Amazing what you can stumble across rummaging around on the Web, isn’t it? Take, for example, what happens when you shove the word ‘squash’ into Google. As well as links to information about the racket sport we all know and love, it tends to throw up all sorts of pointers to cookery, the policing of public demonstrations and the repression of popular uprisings. Although not necessarily in that order, or indeed disorder.
But when you inadvertently find yourself straying into the imaginary realm of elves, orcs and hobbits, well that’s another thing entirely. Which just goes to show that internet search engines and squash know no boundaries.
The Lord Of The Rings
In 2003, Director Peter Jackson’s film, ‘The Return of the King’ won 11 Academy Awards including Best Picture. The film was the third of a trilogy based on ‘The Lord of the Rings’, an epic fantasy novel written by English philologist and University of Oxford professor J.R.R.Tolkien.
The title of the novel refers to the story’s main antagonist, the Dark Lord Sauron, who in an earlier age created the One Ring to rule all the other Rings of Power. The One Ring is Sauron’s ultimate weapon in his campaign to conquer and rule all of Middle-earth, complete with elves, orcs, hobbits etc.
The story follows the adventures of Frodo Baggins, a hobbit, and his comrades in his quest to destroy the One Ring by casting it into the fires of Mount Doom in the Land of Mordor where Sauron’s power holds sway. A rather nasty place by the sound of it and certainly not a tourist destination.
Along with the other two films in the trilogy, ‘The Return of the King’ was filmed in New Zealand, home to a thriving squash community with a distinguished history (think Susan Devoy and Ross Norman), as well as to plenty of conveniently-located squash courts.
A Squash Court in Queenstown
At the time of filming scenes on location for ‘The Lord of the Rings’, one such squash court proved particularly useful to Peter Jackson and his crew. Located in the resort town of Queenstown on the West Coast of New Zealand’s South Island, it was used to film a scene in which Frodo, accompanied by his trusty gardener Sam Gamgee and their less than trustworthy guide Gollum climb the secret stairway of Cirith Ungol into Mordor as Sauron’s forces march out to battle far below.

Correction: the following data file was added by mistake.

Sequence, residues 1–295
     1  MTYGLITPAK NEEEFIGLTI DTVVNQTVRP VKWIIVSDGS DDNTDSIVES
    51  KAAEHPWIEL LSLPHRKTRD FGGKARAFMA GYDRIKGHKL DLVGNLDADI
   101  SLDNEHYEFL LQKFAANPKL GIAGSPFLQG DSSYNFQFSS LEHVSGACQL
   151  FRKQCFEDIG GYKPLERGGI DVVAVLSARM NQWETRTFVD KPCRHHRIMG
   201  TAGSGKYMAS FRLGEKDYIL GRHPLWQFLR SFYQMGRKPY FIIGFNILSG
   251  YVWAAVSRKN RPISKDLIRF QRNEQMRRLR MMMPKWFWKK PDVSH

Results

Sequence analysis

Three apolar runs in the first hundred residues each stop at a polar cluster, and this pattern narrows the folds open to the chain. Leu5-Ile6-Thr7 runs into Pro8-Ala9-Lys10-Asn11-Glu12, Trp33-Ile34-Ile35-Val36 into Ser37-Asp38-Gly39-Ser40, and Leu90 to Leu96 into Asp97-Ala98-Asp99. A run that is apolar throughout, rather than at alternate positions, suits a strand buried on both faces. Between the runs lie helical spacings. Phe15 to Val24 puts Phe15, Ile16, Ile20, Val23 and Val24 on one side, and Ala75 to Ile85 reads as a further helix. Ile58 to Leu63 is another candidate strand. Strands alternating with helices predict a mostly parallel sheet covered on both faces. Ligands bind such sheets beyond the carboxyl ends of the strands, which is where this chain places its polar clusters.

Jackson’s decision to film the scene was triggered by the suspension of outside filming in the Queenstown area due to bad weather, the town itself being hit by extensive flooding. The Cirith Ungol stair ledge was quickly built on a squash court located in a Queenstown hotel.
Actors Elijah Wood (Frodo) and Sean Astin (Sam) both baulked at having to perform such a pivotal scene without any preparation. At the time, Andy Serkis had not yet been cast in the role of Gollum, so the part was played by a stand-in member the crew. Filming went ahead, with Astin’s scenes being successfully completed.
The following day, however, the sun re-appeared, the floods abated and exterior filming was resumed. The intent was always to return to the squash court (where the set remained standing) to film Elijah Wood’s scenes but, for the next five weeks, there was no rain to interrupt exterior filming. The crew moved on to a new outdoor location with Wood finally returning to do his part of the Cirith Ungol scene almost year later.
During the whole of the intervening period, the squash court still contained the film set, the hotel presumably having agreed an amount of compensation greater than the income it could have earned from a year’s worth of court fees. Action shots involving all three characters in the scene were the last to be shot before the set was finally dismantled in late 2000.
So the next time you watch ‘The Return of the King’, spare a thought for the squash lovers of Queenstown whose playing options were reduced for over a year.
And try to imagine what it might have been like to play squash in Mordor.
Postscript: Walking Into Mordor
If you head over to Google Maps and ask for walking directions from “The Shire”(the home of Frodo of Sam) to “Mordor”, this is what you’ll get…
But, Queenstown? Well that’s another thing entirely. I’ve been there myself and had absolutely no problem with the Dark Lord Sauron. But I wouldn’t go via the Cirith Ungol route if I were you.